Maria Spiridonova (1884-1941) was a Russian revolutionary who gained notoriety and acclaim for assassinating a much-loathed tsarist officer in 1906. She later emerged as the leader of the Left Socialist-Revolutionaries (Left SRs).
Spiridonova was born in Tambov, the daughter of a bank manager of noble origins. Educated in Tambov and Moscow, she undertook training in dentistry and nursing but abandoned them to participate in revolutionary groups.
In 1905, Spiridonova joined the Socialist-Revolutionaries (SRs) in 1905 and aligned herself with the party’s radical wing. She rose to prominence after shooting dead a tsarist police commander in January 1906. Her victim, General Luzhenovsky, had been earmarked by the SRs for his brutal suppression of peasant uprisings in Spiridonova’s native Tambov.
After surrendering to tsarist soldiers, Spiridonova was beaten, tortured and sexually assaulted. She was sentenced to death in March 1906. By this stage, however, Spiridonova had become something a national cause célèbre and the government commuted her sentence to life imprisonment in Siberia.
Spiridonova was released during the Provisional Government‘s March 1916 amnesty. She returned to Petrograd and soon emerged as the leader of the Left SRs faction. Though never a prolific writer, she commanded enormous respect, even from her political rivals. Louise Bryant, the wife of John Reed, wrote of Spiridonova:
“I have not met a woman her equal in any country… If she were not such a clear thinker and so inspired a person, her leadership of the physical giants would be ludicrous. She may weigh 100 pounds and she may weigh less. She has big grey eyes circled with blue rings and soft brown hair which she wears in a coronet braid. She works on an average of about 16 hours a day and everybody in Russia pours into her office to ask advice.”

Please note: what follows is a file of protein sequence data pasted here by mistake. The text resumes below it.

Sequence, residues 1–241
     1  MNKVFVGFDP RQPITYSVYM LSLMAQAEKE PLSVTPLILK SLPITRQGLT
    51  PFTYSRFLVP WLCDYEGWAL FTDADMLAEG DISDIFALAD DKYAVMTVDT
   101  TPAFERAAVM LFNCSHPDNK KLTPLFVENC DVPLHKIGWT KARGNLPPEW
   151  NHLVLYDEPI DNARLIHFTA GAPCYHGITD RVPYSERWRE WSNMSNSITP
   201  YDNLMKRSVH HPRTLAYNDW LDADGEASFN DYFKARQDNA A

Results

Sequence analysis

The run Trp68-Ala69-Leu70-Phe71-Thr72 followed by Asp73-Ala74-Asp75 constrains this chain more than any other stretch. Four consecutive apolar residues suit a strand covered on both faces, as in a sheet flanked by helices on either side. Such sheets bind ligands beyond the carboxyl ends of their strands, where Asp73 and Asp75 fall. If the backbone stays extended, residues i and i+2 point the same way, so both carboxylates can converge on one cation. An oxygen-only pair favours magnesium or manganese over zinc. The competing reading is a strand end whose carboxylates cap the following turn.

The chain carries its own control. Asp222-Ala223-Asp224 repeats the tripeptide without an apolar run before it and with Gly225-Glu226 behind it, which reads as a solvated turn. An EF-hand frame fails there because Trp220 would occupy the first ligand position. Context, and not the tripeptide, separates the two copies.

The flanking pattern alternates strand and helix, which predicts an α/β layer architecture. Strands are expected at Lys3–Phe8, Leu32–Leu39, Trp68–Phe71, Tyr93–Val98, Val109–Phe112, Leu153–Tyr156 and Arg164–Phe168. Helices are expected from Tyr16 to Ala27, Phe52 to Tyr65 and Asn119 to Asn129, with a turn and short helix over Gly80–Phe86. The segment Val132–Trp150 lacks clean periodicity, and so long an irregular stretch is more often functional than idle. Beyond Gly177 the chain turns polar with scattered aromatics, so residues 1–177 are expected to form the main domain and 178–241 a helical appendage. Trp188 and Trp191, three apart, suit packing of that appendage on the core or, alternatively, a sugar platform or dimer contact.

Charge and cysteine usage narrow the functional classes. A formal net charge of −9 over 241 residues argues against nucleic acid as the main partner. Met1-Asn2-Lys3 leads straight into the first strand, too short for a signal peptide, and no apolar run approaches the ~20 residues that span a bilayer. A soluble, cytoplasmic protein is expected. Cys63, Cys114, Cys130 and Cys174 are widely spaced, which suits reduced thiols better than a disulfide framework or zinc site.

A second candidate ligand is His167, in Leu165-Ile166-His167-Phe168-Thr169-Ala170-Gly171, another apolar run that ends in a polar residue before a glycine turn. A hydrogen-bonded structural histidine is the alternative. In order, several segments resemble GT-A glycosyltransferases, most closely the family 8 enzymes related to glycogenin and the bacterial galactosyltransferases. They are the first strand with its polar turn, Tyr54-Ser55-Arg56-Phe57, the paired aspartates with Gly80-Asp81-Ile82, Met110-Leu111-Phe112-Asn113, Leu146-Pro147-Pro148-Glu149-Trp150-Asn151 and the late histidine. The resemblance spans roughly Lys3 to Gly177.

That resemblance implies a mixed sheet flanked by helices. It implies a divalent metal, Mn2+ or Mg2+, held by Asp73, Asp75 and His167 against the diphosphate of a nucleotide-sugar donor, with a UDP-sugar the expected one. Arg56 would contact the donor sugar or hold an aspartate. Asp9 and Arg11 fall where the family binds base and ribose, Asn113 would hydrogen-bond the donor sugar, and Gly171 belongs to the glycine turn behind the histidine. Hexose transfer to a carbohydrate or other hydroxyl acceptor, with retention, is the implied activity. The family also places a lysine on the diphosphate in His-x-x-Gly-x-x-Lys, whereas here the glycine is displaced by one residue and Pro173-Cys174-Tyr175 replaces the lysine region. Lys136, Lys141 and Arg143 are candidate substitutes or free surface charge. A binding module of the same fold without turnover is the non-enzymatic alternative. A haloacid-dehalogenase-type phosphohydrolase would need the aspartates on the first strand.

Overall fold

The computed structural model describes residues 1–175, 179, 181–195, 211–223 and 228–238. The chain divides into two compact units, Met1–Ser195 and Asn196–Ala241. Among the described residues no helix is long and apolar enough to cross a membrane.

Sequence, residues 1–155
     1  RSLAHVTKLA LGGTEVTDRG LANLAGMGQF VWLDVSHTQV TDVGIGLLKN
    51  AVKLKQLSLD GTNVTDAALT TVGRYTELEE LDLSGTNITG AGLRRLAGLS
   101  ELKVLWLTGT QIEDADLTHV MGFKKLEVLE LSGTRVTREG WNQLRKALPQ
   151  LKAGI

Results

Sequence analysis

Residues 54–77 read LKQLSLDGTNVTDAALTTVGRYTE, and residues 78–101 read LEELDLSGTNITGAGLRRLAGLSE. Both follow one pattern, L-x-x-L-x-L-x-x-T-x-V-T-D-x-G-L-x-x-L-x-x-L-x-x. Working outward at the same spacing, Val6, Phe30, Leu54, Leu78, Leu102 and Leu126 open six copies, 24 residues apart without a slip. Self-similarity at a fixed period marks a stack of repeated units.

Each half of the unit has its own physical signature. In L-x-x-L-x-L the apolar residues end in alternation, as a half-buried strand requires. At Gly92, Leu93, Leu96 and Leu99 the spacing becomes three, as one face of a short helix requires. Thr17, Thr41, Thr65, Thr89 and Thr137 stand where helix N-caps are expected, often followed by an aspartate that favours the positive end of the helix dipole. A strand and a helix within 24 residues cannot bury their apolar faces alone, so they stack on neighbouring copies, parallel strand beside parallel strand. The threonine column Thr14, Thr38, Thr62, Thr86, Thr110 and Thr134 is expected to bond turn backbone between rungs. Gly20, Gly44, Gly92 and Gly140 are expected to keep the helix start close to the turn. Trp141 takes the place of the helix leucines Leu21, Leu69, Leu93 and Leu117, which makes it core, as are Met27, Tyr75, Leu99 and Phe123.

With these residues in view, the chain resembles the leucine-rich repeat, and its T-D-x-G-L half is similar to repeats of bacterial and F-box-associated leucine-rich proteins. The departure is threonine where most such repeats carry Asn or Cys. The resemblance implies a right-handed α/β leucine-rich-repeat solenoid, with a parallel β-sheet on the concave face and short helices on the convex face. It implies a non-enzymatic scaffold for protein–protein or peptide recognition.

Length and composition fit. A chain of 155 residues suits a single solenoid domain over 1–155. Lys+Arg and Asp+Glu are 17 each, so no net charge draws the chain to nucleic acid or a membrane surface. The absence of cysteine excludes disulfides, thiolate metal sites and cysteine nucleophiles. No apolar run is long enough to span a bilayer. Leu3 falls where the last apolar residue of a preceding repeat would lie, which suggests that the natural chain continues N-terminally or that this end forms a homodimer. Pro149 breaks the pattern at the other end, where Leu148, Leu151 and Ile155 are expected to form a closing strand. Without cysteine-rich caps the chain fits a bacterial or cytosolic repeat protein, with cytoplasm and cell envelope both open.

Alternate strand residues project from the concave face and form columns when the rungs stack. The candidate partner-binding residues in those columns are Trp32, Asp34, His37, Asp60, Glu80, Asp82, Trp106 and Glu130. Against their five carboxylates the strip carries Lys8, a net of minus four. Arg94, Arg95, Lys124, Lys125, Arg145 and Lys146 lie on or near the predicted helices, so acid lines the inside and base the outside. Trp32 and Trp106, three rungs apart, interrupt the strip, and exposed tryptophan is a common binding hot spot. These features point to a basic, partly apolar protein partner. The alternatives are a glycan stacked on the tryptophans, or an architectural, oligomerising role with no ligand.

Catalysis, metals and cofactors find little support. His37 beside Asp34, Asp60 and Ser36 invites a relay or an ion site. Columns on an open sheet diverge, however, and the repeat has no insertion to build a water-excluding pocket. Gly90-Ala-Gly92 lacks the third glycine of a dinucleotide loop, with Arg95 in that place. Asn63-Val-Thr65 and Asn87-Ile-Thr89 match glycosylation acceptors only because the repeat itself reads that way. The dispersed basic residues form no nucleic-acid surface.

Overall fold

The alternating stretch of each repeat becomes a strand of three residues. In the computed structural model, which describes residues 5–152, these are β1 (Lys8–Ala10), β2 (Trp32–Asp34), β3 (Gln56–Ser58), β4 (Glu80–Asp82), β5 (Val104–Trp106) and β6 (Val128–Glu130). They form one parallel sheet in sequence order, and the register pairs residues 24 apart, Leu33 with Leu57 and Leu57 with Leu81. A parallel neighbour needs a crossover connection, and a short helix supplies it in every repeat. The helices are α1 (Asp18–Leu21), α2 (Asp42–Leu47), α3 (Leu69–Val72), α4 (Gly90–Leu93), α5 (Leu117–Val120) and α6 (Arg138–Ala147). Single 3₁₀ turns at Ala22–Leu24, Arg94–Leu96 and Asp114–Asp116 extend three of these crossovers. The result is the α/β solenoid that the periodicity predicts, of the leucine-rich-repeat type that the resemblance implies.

Under Spiridonova’s leadership, the Left SRs formed a working alliance with the Bolsheviks after the October Revolution. Spiridonova herself did not join the coalition government but remained at the helm of her party. She was prepared to work with the Bolsheviks only because their agenda was similar to that of her own party.
Differences between the two parties widened during the summer of 1918, chiefly over the closure of the Constituent Assembly and the Treaty of Brest-Litovsk. Outraged at the terms of the treaty, Spiridonova authorised the assassination of Count Wilhelm von Mirbach, the German ambassador to Moscow.
This incident triggered the failed uprising of the Left SRs. Spiridonova was arrested by the Cheka and put on trial. Still immensely popular with the people, she was given just one year in prison.
After her release in 1919, Spiridonova continued to struggle against Bolshevik authoritarianism. She was arrested again in October 1920 and subjected to years of imprisonment, confinement and exile. She was murdered by Stalinist soldiers in 1941.